A 70-year old man with advanced cancer was expected to die imminently and was admitted to a hospital pallative care ward in severe pain. While being assessed by a junior doctor, the man expressed a wish to talk about “his life and some of the choices he had made”.No, this is crazy. A cancer doctor may have an obligation to keep the cancer diagnosis confidential, but not to cover up murders. If the patient wanted to do a confession, they should have called a priest or a cop.
After being assured that what he said would be kept confidential, patient reported that he had been involved with gangs in his youth, and that he had murdered ‘several people’ in contract killings. According to Tincknell et al., “he thought the bodies of some these people may not have been found.” The patient expressed guilt over what he had done, and said that he had spent the last 40 years of his life trying to atone for his crimes. ...
It seems that the doctors did, in the end, tell the police about the patient’s confession, after his death – at least I assume this is what the lawyer means by “The team was permitted, but not obliged, to disclose. The discretion was exercised.”
Here is another bioethicist, writing in the NY Times:
Do You Have a Moral Duty to Leave Facebook?I personally think that it would be great if millions of ppl left Facebook, and joined rival services, but this is ridiculous.
The platform has been used to disrupt elections, disseminate propaganda and promote hate. Regular users should ask if they are implicated in these failings.
I joined Facebook in 2008, and for the most part, I have benefited from being on it. Lately, however, I have wondered whether I should delete my Facebook account. As a philosopher with a special interest in ethics, I am using “should” in the moral sense. That is, in light of recent events implicating Facebook in objectionable behavior, is there a duty to leave it? ...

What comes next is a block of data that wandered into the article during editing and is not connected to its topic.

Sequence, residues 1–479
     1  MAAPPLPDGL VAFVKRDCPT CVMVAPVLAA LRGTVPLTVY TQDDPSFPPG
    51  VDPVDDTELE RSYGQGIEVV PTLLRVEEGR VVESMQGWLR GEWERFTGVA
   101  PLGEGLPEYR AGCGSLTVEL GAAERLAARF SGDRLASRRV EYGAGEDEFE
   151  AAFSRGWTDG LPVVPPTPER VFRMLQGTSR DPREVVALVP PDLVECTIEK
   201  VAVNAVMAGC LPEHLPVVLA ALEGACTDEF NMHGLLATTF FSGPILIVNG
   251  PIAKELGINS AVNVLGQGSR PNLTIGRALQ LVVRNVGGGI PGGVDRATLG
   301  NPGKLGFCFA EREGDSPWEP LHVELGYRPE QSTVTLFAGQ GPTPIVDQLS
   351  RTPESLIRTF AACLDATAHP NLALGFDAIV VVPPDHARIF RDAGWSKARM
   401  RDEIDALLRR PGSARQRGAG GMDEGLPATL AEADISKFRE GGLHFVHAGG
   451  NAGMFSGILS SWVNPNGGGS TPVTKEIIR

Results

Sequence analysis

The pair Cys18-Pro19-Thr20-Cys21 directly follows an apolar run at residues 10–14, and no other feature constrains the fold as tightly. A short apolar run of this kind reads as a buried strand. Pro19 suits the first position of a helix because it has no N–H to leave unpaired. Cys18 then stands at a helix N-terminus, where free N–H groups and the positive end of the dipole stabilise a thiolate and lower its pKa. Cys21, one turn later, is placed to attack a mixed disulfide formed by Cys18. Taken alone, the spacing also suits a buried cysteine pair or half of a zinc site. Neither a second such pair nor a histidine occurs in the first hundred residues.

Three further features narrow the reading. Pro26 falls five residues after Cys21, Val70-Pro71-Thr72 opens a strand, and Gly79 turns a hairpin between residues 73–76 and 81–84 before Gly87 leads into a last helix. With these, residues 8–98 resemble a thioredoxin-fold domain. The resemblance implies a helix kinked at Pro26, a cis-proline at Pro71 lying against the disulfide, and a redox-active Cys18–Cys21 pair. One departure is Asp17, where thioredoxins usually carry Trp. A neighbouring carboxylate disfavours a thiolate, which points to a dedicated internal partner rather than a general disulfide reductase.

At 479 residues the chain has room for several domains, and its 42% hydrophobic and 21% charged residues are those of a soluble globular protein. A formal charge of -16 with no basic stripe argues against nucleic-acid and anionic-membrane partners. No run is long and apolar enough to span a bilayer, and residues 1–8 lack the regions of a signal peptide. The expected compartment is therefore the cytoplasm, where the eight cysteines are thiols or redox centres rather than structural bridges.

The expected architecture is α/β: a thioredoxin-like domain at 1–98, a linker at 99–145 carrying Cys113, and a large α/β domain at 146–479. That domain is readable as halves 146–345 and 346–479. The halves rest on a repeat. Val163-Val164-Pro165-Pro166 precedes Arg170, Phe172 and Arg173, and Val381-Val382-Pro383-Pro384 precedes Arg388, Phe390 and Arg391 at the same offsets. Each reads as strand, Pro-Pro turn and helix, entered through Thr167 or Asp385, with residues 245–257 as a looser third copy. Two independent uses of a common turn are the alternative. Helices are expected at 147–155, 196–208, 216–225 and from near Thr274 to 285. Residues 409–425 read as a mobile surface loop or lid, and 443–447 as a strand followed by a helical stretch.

For those of us who do not engage in such objectionable behavior, it is helpful to consider whether Facebook has crossed certain moral “red lines,” entering the realm of outright wickedness.
The author seems to be sucked in by NY Times propaganda that Donald Trump only won the 2016 election because Russians or data brokers somehow tricked Facebook. Facebook is run by leftists, and the NY Times thinks that it should have done a better job of supporting H. Clinton.
The chief complaints are that FB users are able to communicate with each other, with messages that might be disagreeable to the Left. Or that political candidates might to some targeted marketing.
If FB became unavailable, there are many other ways of doing those things. What is bad about them anyway?
FB is bad for censoring conservatives, but that is not mentioned.
I cannot remember the last time I heard a bioethicist say something sensible.
Update: I didn't even mention all the silly complaints about China practicing eugenics with CRISPR this week.